Understanding how animals cope with and adapt to changing environments is essential to conserving them in the face of both land use and climate change. Behavioral Adaptation to Changing Climates will introduce students to the behavioral ecology, population biology, and biogeography of animals dealing with changing climates across the globe.

The course will be grounded in behavioral and evolutionary theory, building from basic and interdisciplinary principles to give students a framework for understanding how species adapt to change. The lecture component will emphasize theory but provide empirical and comparative examples from a diversity of plant and animal systems. We will cover both changing climates (temporal environmental variation) and land-use change (spatial environmental variation). We will emphasize these changes in Asia, but also explore systems in other parts of the world. The field component will give students intensive and high-quality experience with hands-on research, and hence a significant portion of the field time will be spent designing and implementing ecological studies in small groups. These projects will aim to test explicit ecological or behavioral hypotheses generated from the lecture portion of the course through observation or experimentation.

Week 1:

The first week of this course will be taught at Beijing Normal University. Local guest lecturers may be recruited from Beijing Normal University, the Institute of Zoology at the Chinese Academy of Sciences, the Chinese Animal Behavior Society, as well as from other locations with the aid of the Columbia Global Center. Rubenstein and Shen will give lectures each morning. In the afternoons, students will begin working in groups with their instructors to develop project ideas for the field component of the course, and to complete lab exercises. In the evening, students will have paper discussions and/or guest lectures from local scientists.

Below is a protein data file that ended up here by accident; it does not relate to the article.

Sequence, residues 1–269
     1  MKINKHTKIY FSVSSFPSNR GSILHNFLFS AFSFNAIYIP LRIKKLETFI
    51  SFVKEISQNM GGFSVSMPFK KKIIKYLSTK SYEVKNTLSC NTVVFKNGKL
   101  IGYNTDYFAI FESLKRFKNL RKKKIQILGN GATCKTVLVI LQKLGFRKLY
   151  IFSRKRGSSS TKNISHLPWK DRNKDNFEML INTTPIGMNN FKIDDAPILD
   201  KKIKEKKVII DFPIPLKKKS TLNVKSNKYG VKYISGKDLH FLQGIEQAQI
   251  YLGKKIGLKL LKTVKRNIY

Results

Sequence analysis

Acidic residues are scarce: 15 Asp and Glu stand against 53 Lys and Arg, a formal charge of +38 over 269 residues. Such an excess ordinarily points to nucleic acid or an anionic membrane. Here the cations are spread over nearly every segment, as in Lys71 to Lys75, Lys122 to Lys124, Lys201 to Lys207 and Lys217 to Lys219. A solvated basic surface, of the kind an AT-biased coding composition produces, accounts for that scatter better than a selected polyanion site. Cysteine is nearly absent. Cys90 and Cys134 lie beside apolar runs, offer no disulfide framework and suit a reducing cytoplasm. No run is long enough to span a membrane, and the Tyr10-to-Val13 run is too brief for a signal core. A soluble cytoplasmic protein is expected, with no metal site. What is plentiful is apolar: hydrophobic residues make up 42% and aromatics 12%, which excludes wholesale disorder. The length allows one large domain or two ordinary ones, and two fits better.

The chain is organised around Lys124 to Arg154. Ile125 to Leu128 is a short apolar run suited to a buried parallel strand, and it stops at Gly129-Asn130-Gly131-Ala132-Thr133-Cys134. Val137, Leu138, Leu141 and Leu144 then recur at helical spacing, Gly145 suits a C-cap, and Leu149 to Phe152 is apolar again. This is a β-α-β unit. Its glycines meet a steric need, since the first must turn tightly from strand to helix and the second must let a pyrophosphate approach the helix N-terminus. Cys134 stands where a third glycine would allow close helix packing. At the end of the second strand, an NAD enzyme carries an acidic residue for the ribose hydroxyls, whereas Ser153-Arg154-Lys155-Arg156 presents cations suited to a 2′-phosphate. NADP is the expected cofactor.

Weeks 2 and 3:

At the end of the first week on intensive lecturers, students will go to the field site in Sichuan Provence (see below). A primary goal of this portion of course is to give students intensive and high-quality experience with hands-on research doing small team-based group projects. These projects will aim to test explicit ecological or behavioral hypotheses through observation or experimentation. Student will complete three projects, and all projects will require at least two written drafts. Extensive peer review will be provided by the instructors. Students will be given lectures on basic statistics and work with their instructors to learn how to analyze data. Projects will involve a variety of instructor-designed experiments (the first two projects)—with the goal of introducing different field methodologies in ecology and behavior—followed by those designed by the students themselves.

Most students will do ecological or behavioral projects with burying beetles, a system that they will be introduced to in Beijing. Team projects might include sampling beetles at different elevations and/or land-use types to determine differences in abundances and social systems, observing mating behaviors at different times of day and elevations, or experimentally manipulating access to resources or numbers of individuals at carcasses to examine cooperation and conflict. Students will also have access to our long-term data on behavior and climate, as well as experimental equipment including video recorder and trapping tools.

In the field, students will also be expected to learn the flora and fauna of the region to gain a better understanding of this critical biodiversity hotspot. Students will take daily bird walks in the mornings and work with local researchers to learn the local vegetation. Students will also engage with local government and/or park officials to discuss challenges that the UNESCO site faces, including such illegal timber harvest and poaching, human population expansion, and more.

Grades and Transcripts

Grading Policy

Click here for the Columbia summer program grading policies.


Upon successful completion of the program, grades are entered into Columbia's online grading system and students can request a Columbia University transcript. Non-Columbia students (including Barnard) can request electronic transcripts online through the Columbia University registrar.